Monday, July 16, 2018

New Poem in ETTT & Personal Stuff

My poem, "Consumption" was published in the new issue of Eye to the Telescope yesterday.
It feels weird, having publishing news so close together... but great, too.  I'm receiving even more rejections behind-the-scenes, so it's nice to know all my efforts aren't bouncing off into failure, just most of them.
My personal news:  

Someone dear to me is still in the hospital.  He's been there since about the beginning of the month with a bad infection that even landed him in the ICU for a fair number of days.  He seems to be making progress, though.  The people who love him are holding onto that fact.
I need another test for another medical issue.  The gastroenterologist said it could be a common issue or I could be dead in a year.  Reassuring, right?  Since I had cancer, all the rules around what seems innocuous enough are darkly bent.  The main problem:  I'm unsure I can do the preparation for the exam because my digestive system can't cope with some things.  We'll see.
The mentor program I'm running for disabled/neurodivergent writers is almost ready to launch!  The term for this year starts on August 1st and, like any mother hen, I'm fretting and working my butt off.

I want to start an online writing retreat as the next project, but I'm completely unequipped for it.  I'm currently in fact-finding mode.
What is everyone else up to?

Monday, July 9, 2018

Acceptances, Statistics, and "Diving In"

My poem, "Diving In" was published in Lonesome October Lit late last month!  This is the same magazine that accepted two of my Christmas horror flash pieces to appear in December.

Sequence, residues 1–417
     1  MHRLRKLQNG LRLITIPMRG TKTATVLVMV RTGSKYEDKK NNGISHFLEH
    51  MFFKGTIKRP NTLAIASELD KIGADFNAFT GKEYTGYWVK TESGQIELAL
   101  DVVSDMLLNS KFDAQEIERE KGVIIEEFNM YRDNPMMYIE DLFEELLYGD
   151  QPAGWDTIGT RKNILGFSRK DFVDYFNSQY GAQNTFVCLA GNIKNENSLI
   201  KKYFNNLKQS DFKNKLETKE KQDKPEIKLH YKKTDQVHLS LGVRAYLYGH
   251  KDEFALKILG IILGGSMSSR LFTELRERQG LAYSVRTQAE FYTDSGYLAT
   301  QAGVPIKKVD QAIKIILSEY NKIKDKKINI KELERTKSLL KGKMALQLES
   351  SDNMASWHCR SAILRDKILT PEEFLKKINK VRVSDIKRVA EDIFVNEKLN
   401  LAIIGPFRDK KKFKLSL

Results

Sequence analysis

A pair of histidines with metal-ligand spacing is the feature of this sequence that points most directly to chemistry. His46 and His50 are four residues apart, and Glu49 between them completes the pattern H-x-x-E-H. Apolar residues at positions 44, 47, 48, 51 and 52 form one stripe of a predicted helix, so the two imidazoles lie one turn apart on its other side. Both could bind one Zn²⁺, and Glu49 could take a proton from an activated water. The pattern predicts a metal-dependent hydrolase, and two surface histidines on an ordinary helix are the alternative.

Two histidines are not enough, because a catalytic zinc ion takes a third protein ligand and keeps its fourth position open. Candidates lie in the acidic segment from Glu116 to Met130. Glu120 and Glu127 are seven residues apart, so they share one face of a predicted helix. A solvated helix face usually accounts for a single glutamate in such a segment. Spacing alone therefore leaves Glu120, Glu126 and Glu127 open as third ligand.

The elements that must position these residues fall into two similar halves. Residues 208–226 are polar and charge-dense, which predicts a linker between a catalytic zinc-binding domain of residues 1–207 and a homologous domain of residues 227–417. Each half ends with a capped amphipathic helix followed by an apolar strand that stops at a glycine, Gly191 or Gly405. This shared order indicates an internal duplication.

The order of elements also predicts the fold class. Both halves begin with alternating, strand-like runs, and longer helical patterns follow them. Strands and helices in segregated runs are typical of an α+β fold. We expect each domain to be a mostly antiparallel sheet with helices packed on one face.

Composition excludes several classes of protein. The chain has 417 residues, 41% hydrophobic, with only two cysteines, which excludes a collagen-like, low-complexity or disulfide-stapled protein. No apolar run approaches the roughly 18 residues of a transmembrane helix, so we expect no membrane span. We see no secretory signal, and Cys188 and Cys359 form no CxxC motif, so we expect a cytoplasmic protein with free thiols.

Eye to the Telescope accepted "Consumption" (a horror poem) for their issue on the theme:  Darkness.  It's the first time they've wanted something I've sent.

Antinarrative Journal accepted my poem, "Absentee Father".  I subscribe to their emails and love the work they choose.
Acceptances received in 2018, so far:  Four (consisting of three poems and two fiction pieces).

Rejections received in 2018, so far:  32

Number of submissions out for consideration as of July 3rd:  32

Monday, July 2, 2018

Diversity at Penguin Random House UK (Part 2)

Last week, I wrote about Penguin Random House UK trying to become as varied in composition as the UK itself.  One of the ways they want to do that?  Make college degrees no longer a requirement for any position in their company.

People can be extremely talented and have no degree because:  Not everyone can afford $70,000 of debt, caretakers might not have the time to devote to schooling, disabled people aren't always accommodated in universities, reformed ex-cons might have not had access to education while serving time... it goes on.